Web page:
Raise your hand if you think you could survive a plane crash on a deserted island. Most of you probably think you could…I mean, we’ve all seen Lost and Castaway. We know the drill. Catch some fish, light a fire by rubbing some sticks together – though that’s actually a lot harder than it looks, in case you’re not nerdy enough to have tried before – and try to flag down a ship. That’s not so bad.
Raise your hand if you think you could survive being stranded on Mars for over a year.
Yeah, I don’t think I could either. Maybe if I was a NASA astronaut/awesome botanist/hilarious cynic (okay, maybe I’ve got that one down)/overall smart person.
In other words, I think maybe I could if I was Mark Watney.
Who’s Mark Watney? Only one of the best fictional characters to be found in modern day fiction. Also the main character in The Martian by Andy Weir.
The Martian is probably the most hard-core science fiction novel I have ever read. In a previous post I briefly talked about soft sci-fi, so, for reference, Weir’s novel is exactly the opposite of that. It actually has real science in it, a disturbing rarity in the genre that is named after that particular academic study. I’m pretty into science and generally have a good grip on what goes on when it comes to chemistry and biology. But the person who wrote The Martian is slightly smarter than me. Slightly. So lots of pieces of brilliant information was wasted on my puny mind. Not that it mattered, because the storyline and characters were fascinating enough to keep me engaged:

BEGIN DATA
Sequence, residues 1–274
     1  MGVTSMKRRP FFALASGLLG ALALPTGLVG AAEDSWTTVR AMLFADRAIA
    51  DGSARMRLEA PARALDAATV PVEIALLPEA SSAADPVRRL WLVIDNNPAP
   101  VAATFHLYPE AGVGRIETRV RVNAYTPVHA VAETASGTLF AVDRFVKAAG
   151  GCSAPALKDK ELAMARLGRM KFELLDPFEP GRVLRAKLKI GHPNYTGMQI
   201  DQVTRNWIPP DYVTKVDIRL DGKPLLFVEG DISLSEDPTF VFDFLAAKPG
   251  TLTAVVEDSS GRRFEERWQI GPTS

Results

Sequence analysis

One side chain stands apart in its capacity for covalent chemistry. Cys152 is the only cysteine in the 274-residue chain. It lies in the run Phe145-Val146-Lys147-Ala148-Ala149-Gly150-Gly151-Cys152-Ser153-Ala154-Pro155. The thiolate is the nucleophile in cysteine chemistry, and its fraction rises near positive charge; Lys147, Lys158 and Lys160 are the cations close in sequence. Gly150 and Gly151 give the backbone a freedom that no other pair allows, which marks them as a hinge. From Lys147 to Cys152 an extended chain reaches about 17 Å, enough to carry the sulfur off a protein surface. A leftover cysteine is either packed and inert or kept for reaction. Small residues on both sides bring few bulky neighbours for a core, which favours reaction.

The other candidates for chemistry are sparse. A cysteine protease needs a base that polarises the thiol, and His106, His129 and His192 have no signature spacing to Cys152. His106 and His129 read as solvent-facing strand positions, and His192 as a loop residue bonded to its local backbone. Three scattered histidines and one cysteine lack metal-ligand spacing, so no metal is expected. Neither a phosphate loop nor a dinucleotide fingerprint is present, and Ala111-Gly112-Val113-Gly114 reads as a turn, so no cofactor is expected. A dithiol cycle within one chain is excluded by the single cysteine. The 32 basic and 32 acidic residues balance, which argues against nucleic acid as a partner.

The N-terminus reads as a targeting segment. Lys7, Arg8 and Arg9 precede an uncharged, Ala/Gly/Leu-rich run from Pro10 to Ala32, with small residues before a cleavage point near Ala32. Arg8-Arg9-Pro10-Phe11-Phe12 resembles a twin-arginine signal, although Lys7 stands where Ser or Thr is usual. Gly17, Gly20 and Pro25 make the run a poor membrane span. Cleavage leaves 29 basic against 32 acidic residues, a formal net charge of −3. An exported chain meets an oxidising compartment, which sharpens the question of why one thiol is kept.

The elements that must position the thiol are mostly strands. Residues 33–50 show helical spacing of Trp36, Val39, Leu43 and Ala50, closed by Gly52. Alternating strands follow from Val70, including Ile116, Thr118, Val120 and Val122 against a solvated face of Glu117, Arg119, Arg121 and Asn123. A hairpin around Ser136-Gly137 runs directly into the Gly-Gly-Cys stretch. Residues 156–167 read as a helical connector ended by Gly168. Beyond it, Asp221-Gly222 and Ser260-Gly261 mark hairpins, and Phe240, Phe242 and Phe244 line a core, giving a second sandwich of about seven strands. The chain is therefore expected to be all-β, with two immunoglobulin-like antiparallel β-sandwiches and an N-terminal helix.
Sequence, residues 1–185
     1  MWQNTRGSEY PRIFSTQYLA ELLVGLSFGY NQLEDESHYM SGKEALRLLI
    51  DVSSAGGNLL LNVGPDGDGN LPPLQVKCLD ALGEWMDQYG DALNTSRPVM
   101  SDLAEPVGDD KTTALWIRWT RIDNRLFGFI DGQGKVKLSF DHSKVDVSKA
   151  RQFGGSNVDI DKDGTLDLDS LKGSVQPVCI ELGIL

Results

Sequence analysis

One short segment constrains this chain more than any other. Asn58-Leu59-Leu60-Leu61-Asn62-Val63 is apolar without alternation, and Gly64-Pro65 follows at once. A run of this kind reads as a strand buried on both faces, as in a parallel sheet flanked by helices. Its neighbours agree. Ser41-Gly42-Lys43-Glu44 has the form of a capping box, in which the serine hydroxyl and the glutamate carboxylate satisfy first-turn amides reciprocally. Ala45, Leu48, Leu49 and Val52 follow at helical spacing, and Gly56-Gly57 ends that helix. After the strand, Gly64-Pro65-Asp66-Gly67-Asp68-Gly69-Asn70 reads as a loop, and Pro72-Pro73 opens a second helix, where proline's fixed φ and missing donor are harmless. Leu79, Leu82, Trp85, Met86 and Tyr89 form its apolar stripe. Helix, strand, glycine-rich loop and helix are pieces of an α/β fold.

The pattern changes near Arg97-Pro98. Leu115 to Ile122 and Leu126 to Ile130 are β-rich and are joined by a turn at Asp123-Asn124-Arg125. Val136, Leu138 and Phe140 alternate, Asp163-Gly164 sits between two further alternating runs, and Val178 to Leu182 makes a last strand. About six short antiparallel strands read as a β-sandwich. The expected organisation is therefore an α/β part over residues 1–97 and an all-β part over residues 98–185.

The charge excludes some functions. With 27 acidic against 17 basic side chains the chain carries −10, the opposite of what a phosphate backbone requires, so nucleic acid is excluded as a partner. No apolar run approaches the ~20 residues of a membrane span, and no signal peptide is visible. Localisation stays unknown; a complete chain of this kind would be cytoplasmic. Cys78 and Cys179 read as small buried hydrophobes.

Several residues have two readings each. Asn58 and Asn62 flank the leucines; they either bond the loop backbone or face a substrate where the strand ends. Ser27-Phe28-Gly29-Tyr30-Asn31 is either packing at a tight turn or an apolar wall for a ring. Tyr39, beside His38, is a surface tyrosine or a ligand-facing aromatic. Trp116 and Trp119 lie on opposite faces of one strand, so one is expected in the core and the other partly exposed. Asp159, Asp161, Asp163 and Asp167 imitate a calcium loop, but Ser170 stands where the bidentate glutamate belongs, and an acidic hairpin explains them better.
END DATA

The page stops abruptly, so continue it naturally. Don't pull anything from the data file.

Ares 3 was little more than a routine mission to Mars. Two teams of astronauts had already come and gone. By the time Mark Watney gets to the red planet, him and his crewmates aren’t going to be the first people to do anything on Mars. Not the first to walk on it, not the first to bring back samples of martian rocks.
But that all changes when a dust storm heads their way. In the middle of an evacuation mission, the rest of the Ares 3 crew leaves Mark behind. After all, when the satellite came loose from where it was attached to the Hab, it’s antennae skewered him like a Shish Kabob, destroying his bio-monitor and causing him to show up as lifeless on all other networks.
Left for dead, Mark is able to find his way back to the Hab alive, but without any way to communicate with NASA or his captain.
He soon becomes the first for almost everything. The first person to be alone on Mars. The first to preform over one hundred EVA’s. The first to grow Martian potatoes. The first space pirate…which he’s pretty excited about.
And possibly the first person to die on Mars. He’s not too hyped up about that last one.
But Mark’s not about to let that happen. He’s determined to find a way to survive until Ares 4 comes to pick him up. Easier said than done, but Watney’s a botanist and an engineer, so he knows what he’s doing. Sort of. When all else fails, he can always use some duct tape. Duct tape fixes everything.
Except for the fact that Watney’s only source of entertainment is the USB his captain left behind. If lack of food, oxygen, and water don’t kill him first, then maybe it will reach him through having to suffer though 70s TV shows….and disco music. Disco music, man. Doesn’t get much worse than that.